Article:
One ply is enough

Conservationists target the use of plush toilet paper

Environmentalists are asking American consumers to steer clear of super-soft toilet paper.

Softer wood fibers come from old trees, often found in old-growth forests. Conservationists note the environmental value of the trees, which “scrub” carbon dioxide and provide habitat for innumerable species.

This plush product, activists say, is the pinnacle of consumer excess.

“It’s like the Hummer product for the paper industry,” Allen Hershkowitz of the Natural Resources Defense Council told The Washington Post.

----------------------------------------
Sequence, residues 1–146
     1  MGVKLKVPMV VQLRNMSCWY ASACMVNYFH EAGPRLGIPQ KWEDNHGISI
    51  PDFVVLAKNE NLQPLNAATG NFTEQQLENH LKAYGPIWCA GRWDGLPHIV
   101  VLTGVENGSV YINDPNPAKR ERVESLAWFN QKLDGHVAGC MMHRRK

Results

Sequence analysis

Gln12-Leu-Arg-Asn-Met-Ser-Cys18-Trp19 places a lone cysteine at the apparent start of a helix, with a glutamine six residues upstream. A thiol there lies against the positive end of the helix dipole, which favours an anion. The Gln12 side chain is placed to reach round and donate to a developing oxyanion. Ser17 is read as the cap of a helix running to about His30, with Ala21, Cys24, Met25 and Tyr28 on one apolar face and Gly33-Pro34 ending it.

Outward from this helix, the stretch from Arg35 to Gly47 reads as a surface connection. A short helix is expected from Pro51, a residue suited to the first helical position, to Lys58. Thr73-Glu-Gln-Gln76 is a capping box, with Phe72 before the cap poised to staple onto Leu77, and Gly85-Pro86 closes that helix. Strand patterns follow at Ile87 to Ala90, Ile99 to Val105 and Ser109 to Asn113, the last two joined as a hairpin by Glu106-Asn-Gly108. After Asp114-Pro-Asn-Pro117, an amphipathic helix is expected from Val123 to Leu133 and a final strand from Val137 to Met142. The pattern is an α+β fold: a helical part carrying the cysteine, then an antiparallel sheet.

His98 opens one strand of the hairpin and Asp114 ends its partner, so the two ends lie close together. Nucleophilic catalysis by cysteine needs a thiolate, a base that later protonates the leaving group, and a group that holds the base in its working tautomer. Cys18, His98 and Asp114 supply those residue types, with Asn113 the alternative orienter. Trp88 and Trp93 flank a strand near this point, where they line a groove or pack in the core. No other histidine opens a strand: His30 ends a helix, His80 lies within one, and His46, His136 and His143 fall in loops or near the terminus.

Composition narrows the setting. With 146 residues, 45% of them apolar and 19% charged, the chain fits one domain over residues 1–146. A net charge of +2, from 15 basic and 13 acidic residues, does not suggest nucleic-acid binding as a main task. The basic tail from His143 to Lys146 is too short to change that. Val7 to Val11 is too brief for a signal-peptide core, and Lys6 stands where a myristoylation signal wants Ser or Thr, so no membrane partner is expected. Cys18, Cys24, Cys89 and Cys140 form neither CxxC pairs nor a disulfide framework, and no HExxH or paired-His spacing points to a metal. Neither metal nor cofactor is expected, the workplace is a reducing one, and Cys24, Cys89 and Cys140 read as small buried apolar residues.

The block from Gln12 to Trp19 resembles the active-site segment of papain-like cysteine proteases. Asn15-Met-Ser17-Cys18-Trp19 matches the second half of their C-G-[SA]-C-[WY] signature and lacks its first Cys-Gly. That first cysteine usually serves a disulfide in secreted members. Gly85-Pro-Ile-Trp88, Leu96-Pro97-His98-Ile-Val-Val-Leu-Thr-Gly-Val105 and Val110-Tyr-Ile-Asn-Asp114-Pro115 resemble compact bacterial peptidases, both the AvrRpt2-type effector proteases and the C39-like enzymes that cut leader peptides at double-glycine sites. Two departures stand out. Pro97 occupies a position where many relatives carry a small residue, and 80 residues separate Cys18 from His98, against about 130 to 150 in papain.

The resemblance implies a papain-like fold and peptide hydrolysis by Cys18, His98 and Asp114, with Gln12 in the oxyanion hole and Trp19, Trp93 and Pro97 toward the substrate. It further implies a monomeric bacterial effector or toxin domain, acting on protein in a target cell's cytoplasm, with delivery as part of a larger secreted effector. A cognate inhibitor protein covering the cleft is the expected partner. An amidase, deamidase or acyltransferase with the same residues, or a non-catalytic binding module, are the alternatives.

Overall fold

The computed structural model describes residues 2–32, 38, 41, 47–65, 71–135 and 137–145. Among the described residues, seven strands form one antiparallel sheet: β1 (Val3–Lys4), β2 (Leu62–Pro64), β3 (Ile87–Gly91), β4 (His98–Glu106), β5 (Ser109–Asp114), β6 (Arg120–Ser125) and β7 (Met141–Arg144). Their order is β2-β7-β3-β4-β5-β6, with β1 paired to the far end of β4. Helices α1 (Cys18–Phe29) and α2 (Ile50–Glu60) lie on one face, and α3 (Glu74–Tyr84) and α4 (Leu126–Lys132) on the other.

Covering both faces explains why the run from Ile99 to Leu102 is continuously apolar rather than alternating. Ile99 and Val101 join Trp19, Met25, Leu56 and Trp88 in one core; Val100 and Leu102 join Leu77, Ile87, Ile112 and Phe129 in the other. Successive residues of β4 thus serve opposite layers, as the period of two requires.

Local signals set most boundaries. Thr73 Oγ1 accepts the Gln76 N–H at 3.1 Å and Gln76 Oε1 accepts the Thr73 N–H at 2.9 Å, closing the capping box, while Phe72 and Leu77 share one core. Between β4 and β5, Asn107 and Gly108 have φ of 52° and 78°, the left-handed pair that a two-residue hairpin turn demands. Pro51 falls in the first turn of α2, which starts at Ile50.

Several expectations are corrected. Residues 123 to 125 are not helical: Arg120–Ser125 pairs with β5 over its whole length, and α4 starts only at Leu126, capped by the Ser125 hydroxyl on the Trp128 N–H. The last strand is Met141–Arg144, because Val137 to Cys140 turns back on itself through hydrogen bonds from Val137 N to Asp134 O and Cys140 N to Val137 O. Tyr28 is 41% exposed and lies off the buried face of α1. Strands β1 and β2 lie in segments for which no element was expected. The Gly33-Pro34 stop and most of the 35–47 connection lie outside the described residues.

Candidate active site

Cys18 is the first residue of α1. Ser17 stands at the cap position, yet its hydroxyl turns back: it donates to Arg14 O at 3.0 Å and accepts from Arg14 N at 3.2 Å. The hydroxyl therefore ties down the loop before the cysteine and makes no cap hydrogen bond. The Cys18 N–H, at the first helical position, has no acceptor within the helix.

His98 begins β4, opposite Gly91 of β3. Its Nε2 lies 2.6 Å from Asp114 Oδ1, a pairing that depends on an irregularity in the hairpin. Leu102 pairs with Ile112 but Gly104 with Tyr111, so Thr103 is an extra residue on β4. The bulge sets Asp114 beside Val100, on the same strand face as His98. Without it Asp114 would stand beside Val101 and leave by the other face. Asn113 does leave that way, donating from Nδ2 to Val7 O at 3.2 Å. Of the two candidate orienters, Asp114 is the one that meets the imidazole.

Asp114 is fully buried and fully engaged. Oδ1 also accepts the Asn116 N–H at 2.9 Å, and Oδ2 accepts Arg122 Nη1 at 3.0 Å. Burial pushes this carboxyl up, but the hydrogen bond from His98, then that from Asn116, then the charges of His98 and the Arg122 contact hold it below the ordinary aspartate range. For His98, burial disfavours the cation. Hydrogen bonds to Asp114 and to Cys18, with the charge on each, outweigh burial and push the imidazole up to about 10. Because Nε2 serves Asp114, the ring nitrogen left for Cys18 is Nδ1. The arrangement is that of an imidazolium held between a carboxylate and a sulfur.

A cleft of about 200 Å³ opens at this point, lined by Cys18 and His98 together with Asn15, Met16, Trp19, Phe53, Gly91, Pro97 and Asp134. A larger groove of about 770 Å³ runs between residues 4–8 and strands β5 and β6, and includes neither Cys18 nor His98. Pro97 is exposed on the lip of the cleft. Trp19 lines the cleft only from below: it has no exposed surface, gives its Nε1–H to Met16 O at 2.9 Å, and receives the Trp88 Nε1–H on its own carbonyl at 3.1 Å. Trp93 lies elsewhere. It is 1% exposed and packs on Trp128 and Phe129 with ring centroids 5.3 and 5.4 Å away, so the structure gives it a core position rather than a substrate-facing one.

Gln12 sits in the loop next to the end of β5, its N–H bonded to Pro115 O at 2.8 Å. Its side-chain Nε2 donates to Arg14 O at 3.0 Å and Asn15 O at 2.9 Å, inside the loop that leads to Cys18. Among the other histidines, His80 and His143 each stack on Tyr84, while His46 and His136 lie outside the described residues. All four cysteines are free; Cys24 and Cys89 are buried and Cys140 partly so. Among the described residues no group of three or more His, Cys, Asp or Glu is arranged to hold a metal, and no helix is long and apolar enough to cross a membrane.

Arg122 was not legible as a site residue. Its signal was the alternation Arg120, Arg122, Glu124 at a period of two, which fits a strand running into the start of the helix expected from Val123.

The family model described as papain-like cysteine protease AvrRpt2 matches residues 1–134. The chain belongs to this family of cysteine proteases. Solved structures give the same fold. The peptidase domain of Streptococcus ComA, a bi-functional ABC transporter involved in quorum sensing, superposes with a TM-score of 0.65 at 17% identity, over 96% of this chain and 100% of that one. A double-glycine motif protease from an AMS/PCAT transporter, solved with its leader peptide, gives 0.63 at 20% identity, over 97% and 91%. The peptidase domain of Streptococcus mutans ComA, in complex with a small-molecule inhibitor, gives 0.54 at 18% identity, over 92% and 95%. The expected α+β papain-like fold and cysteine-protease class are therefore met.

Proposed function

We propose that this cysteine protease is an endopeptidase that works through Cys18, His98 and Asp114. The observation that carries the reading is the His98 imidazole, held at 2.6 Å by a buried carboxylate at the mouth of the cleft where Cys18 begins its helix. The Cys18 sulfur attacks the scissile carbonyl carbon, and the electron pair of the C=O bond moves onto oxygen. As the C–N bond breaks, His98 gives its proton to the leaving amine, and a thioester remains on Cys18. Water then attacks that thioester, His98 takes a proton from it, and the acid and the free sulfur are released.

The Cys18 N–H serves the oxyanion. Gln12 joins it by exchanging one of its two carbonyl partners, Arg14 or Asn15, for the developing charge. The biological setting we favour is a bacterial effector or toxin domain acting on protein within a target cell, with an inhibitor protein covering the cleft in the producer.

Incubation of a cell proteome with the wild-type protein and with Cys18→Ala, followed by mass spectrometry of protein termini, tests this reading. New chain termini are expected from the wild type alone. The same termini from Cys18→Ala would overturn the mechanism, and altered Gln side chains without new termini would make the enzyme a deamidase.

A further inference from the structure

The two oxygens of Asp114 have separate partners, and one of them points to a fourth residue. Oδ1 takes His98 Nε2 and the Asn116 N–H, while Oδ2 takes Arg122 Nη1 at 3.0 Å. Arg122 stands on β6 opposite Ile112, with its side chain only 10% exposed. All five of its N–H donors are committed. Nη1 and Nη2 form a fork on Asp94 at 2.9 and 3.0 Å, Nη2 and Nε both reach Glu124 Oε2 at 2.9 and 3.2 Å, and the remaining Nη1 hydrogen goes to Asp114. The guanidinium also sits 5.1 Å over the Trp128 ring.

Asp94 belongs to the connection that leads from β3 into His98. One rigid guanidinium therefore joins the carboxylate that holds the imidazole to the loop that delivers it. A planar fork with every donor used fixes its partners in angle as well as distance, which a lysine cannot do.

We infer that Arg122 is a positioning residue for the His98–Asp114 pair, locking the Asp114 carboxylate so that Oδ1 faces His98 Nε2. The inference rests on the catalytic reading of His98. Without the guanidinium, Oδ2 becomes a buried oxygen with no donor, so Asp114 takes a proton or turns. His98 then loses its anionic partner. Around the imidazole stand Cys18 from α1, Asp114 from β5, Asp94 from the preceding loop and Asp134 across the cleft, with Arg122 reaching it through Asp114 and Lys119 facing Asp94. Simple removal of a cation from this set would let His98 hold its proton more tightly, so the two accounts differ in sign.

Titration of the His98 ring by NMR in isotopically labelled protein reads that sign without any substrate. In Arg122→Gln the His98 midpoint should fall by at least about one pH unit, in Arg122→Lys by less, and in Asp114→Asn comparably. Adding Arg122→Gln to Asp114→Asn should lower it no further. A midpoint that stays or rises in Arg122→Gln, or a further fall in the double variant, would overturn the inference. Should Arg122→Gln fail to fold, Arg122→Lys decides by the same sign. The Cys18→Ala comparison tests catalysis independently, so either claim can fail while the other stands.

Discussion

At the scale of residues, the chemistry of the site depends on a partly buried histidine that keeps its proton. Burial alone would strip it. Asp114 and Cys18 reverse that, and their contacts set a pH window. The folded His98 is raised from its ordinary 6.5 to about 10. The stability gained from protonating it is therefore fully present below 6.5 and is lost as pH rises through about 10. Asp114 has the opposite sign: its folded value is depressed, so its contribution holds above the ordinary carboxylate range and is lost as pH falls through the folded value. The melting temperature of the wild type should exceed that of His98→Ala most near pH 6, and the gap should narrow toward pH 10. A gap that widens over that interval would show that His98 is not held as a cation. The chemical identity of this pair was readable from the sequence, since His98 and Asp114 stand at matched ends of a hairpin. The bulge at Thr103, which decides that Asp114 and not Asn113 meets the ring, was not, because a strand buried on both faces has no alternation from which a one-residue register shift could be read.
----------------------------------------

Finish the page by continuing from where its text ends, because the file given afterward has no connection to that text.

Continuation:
Toilet tissue manufacturers say consumers consistently demand a softer product, and one—Quilted Northern Ultra Plush—has begun selling a three-ply tissue. However, activists from Greenpeace appear to have made some headway with another company; Kimberly-Clark (makers of Kleenex and Cottonelle toilet paper) has vowed to make its tissue products with 40 percent recycled paper or sustainable forests by 2011.